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Abusing our welcome
Sound Off
The Ottawa Citizen

Immigration "experts" have rushed to denounce a U.S. congressional report that says Canada's immigration and legal systems make it easier for our country to be a staging base for terrorism. Such knee-jerk defensiveness is irresponsible, however, as it fails to acknowledge the very real problems identified in the U.S. report.

The 251-page document, entitled Nations Hospitable to Organized Crime & Terrorism, was completed in October by the U.S. Library of Congress and released earlier this month (see excerpts on the next page). It considers everything from border security and drug interdiction to political culture and immigration law in assessing various countries' responses to terrorism. Ten pages are devoted to Canada, and rather than being misguided, as critics charge, the report acknowledges Canada's "well-deserved reputation" for promoting human rights. However, it quite reasonably observes that this reputation -- "a generous social-welfare system, lax immigration laws, infrequent prosecutions, light sentencing" -- is taken advantage of when Canada becomes "a favoured destination" for terrorists and organized crime groups.

Not surprisingly, the critics see things differently. Queen's University law professor Sharryn Aiken complained that such claims "fuel racism and fuel xenophobia." Janet Dench, of the Canadian Council for Refugees, denounced the report as "virtually totalitarian." Meanwhile, Margaret Beare, director of the Nathanson Centre for the Study of Organized Crime and Corruption at York University, noted that refugees and illegal immigrants are the least likely to engage in criminal activity because they don't want to risk deportation. Such comments, while obviously heartfelt and sincere, are nonetheless dangerous, because they fail to recognize that some people are, indeed, taking advantage of Canada's generosity and creating a security threat.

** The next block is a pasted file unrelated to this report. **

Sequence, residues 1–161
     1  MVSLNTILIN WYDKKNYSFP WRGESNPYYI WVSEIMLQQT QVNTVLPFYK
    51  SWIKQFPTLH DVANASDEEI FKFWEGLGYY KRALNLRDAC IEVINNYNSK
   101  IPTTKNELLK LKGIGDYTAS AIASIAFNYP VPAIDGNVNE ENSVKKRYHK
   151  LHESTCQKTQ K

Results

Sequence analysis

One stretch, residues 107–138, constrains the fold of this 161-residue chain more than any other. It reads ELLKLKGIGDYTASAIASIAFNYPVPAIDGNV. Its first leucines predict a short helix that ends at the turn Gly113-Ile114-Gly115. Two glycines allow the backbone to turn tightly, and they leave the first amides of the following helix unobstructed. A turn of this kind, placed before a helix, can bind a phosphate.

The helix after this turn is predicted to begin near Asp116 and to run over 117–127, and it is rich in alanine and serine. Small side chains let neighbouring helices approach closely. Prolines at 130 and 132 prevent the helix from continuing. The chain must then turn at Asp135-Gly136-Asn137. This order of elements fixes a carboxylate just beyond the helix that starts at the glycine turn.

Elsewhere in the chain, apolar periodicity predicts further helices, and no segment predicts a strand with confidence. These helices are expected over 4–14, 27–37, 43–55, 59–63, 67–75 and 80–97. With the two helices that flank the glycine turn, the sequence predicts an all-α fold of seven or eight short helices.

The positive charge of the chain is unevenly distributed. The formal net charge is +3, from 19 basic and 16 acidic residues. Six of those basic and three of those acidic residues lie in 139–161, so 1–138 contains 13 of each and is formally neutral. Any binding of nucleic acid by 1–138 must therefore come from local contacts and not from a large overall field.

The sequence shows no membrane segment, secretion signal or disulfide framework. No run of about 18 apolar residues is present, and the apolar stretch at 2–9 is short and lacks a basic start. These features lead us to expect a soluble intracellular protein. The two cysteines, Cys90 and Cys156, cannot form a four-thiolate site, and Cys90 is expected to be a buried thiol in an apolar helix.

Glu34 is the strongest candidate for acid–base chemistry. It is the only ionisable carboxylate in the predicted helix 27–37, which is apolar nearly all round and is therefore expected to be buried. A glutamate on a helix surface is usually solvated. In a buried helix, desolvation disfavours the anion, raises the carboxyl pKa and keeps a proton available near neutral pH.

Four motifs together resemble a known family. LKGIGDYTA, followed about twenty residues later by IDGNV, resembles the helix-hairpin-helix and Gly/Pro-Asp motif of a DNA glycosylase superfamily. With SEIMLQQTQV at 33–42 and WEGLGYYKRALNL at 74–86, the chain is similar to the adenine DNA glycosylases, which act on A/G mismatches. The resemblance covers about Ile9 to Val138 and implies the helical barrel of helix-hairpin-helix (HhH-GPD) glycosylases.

As the U.S. report notes, the Canadian Immigration and Refugee Board had a backlog of 53,000 cases last year, while the auditor general said the federal government had lost track of 36,000 people who had been ordered deported. Does anyone genuinely believe that none of these missing deportees could be potential terrorists? Certainly not the RCMP, whose intelligence assessment last year effectively summarized the U.S. concerns, saying that "terrorists and organized crime groups may exploit flaws in migration controls to blend into and recruit from immigrant communities and also to move associates into Canada."

Some might argue that new anti-terrorism laws and changes to the immigration system mean Canada is no longer a terrorist haven. That's hard to believe, however, given that the federal government admitted last year it has problems deporting dozens of landed immigrants the Federal Court of Canada designated as a danger to society.

Concern about illegal immigrants is not confined to Canada. Parliamentarians in the Netherlands, one of Europe's most multicultural nations, have just approved a plan to deport 26,000 failed asylum seekers. Whether our own Parliament wants to adopt a similar policy is open to debate, but at the very least, critics of such a plan should remember why the U.S. has some legitimate concerns about Canada, instead of dismissing those concerns out of hand.

© The Ottawa Citizen 2004

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